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April was another busy month for legislative activity on the California Consumer Privacy Act (CCPA), following a very busy February [see our prior post here]. A proposed sweeping revision to the CCPA, AB 1760, was withdrawn, while three key amendments, AB 25, AB 873, and AB 874, are up for a floor vote. Meanwhile, SB 561, which greatly expands the private right of action under the CCPA, is now in the Senate Appropriations Committee’s Suspense File awaiting a May 17, 2019 deadline for a vote as to whether it makes it out of the Suspense File. 
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After the Illinois Supreme Court’s decision in January holding that a plaintiff need not show actual harm to be an “aggrieved person” under the Illinois Biometric Information Privacy Act (“BIPA”), parties litigating under BIPA have been testing other defenses. One of those defenses is whether BIPA matters can be compelled to arbitration pursuant to an arbitration provision set forth in the parties’ agreement.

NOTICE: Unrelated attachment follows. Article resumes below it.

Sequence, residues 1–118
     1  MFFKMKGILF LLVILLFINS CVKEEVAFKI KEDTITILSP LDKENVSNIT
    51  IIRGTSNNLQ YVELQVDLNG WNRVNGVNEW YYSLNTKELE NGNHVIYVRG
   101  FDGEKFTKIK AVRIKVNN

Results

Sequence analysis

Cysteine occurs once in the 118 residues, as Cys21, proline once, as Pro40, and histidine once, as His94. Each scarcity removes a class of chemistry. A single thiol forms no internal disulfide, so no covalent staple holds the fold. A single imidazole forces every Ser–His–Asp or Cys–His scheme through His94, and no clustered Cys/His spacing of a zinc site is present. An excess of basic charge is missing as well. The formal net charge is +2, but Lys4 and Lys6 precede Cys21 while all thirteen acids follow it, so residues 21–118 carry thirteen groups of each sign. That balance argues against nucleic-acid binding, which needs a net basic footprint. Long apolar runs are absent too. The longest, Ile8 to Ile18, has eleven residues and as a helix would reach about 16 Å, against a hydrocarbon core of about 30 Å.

On Tuesday, April 9, the First District Appellate Court of Illinois issued its decision in Liu v. Four Seasons Hotel, Ltd., 2019 IL App (1st) 182645, holding that a BIPA claim could not be compelled to arbitration based on the language of the employment agreement at issue. Specifically, the employment agreement provided that a dispute was subject to mandatory, binding arbitration if it “is based on one of the following types of claims as defined by law:  (a) employment discrimination; (b) harassment as it relates to my employment; (c) a wage or hour violation; (d) or termination of my employment from the Hotel.” Defendant argued that plaintiffs’ BIPA claim was a “wage or hour” dispute because the scans of plaintiffs’ fingerprints were used to track the hours the plaintiffs worked and therefore, it was an “hour” violation claim. The appellate court disagreed. 
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This blog post is the second in a series of Q&A posts following Dykema’s February 27, 2019 webinar on the California Consumer Privacy Act (“CCPA”).  We received questions both before and during the webinar, and over the coming weeks we will be posting our responses. We will answer the most commonly-asked questions first, so please stay tuned if you don’t see your question in our first few posts. And, of course, please feel free to reach out to us if you have a unique question or would like to discuss in detail how the CCPA may apply to you.

You may see our first post here.